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Half a million Windstar minivans are being recalled because of a risk of rear axle separation, especially in so-called “salt belt” states where winter weather and road salt increase the risk of corrosion, according to the U.S. Department of Transportation.
Our defective vehicle attorneys represent clients who have been seriously injured or killed by a dangerous or defective product. For most families, a vehicle is among their biggest investments. In this case, the defect involves a minivan, typically purchased by young families to transport children. While vehicle manufacturers have a responsibility to build safe products — and to inform the public of defects in a timely fashion — they too often fail to fulfill one or both of those obligations. As the Toyota recalls illustrated last year, the company was accused of knowing about the risks for years before it finally informed the public.
And, each year, vehicles are the most frequently recalled consumer product on the market.
In this case, the government reports salt can cause the rear axle to weaken and crack, which could “negatively affect the driver’s ability to control the vehicle.”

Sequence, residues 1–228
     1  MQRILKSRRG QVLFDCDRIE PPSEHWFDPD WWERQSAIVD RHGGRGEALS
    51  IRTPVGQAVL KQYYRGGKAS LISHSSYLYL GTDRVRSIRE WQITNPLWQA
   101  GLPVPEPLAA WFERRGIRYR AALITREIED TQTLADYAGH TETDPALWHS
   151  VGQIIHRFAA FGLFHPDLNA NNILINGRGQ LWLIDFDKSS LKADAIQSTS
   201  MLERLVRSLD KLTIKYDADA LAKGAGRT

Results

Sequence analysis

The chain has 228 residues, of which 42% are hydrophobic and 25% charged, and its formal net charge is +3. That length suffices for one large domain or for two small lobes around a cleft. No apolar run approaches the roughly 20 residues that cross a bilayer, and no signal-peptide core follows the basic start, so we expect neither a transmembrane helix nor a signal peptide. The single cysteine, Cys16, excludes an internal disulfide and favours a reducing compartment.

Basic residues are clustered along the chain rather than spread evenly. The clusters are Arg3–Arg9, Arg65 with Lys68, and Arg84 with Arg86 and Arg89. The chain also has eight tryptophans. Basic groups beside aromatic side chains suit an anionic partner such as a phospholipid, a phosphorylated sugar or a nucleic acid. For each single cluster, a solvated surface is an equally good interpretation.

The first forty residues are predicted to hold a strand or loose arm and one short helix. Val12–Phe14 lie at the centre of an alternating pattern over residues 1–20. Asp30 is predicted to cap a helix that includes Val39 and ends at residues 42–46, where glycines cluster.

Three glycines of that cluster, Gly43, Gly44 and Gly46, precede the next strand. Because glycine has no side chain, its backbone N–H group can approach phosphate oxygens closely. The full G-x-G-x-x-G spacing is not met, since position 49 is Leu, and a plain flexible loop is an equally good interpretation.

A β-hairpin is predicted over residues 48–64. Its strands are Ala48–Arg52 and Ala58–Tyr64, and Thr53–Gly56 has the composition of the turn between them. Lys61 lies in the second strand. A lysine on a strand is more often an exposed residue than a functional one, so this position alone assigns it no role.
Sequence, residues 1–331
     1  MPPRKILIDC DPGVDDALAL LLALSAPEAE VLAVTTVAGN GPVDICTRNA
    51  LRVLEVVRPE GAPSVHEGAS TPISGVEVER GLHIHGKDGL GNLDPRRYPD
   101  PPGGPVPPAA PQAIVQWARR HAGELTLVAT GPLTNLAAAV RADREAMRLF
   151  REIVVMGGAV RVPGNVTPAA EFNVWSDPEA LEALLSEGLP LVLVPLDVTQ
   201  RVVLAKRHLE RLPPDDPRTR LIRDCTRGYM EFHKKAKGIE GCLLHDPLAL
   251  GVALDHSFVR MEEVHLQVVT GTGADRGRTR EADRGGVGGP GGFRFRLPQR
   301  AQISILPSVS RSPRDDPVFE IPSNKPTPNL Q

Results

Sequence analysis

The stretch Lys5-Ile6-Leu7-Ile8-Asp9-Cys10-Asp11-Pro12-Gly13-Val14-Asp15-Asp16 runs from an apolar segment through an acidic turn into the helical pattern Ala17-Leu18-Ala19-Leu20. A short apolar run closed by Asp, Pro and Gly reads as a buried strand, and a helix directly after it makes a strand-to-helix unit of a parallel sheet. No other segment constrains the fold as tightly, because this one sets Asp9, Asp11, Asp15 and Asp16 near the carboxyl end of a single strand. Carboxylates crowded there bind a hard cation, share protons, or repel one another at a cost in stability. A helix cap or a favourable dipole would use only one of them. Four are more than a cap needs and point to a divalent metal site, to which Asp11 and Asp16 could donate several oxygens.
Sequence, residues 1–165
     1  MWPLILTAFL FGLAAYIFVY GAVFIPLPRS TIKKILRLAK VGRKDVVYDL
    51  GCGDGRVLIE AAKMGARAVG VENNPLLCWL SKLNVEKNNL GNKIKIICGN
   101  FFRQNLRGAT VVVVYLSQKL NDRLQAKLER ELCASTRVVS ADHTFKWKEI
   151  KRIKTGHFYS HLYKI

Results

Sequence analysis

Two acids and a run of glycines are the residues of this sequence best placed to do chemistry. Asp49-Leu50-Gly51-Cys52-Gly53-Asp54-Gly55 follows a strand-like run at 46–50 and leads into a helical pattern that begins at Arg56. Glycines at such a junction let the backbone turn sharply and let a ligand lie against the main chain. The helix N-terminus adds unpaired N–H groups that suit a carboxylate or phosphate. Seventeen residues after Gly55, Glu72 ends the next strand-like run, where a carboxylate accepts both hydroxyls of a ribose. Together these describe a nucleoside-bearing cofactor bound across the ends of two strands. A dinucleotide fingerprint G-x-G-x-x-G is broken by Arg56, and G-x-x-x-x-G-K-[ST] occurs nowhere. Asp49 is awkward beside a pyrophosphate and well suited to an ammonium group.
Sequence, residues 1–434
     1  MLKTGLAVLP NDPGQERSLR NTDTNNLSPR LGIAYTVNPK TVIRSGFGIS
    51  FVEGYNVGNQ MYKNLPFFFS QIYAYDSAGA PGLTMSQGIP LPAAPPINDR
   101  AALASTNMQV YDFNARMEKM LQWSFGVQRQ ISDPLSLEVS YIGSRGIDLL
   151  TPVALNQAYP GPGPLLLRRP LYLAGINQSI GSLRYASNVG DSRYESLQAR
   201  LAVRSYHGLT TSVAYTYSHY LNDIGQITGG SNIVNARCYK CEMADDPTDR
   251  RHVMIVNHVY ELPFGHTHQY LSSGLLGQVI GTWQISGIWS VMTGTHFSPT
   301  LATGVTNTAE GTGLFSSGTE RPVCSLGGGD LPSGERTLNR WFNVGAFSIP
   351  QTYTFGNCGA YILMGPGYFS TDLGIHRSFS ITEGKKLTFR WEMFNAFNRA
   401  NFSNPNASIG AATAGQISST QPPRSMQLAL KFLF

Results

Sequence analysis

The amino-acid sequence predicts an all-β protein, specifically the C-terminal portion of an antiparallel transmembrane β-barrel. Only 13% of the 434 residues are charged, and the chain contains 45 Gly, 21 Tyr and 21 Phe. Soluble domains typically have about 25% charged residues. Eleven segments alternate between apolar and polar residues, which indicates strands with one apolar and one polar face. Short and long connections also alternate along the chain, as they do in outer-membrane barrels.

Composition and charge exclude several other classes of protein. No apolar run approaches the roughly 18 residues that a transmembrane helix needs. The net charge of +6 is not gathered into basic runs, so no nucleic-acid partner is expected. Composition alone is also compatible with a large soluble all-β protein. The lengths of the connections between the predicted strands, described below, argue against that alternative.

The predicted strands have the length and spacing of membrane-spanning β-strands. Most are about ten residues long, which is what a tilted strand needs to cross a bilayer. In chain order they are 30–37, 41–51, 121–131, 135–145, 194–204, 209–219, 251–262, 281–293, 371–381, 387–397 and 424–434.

In fact, the rear axle is among the most stressed and most critical parts on any vehicle. It is what helps propel a vehicle. It is what falls under extreme stress when a vehicle must stop in an emergency. The risk of metal corrosion is not new. It is a risk manufacturers have dealt with for decades. We don’t yet know the particulars of this case — it’s possible the axles were purchased from a subcontractor who had the lowest bid. And they apparently did not undergo the type of rigorous, all-weather testing necessary to expose the defect. As a result, half a million vehicles marketed to soccer moms are driving around the United States with a “rear axle separation” issue.
Owners are now being told by the government to immediately visit Ford’s website for information on getting their van to the dealership to correct the issue.
Those considering the purchase of a new vehicle can visit www.safercar.gov for government safety ratings and to see if your vehicle has been the subject of any recalls. You can also sign up for immediate email notification of recalls that affect your vehicle, tires or child safety seats.
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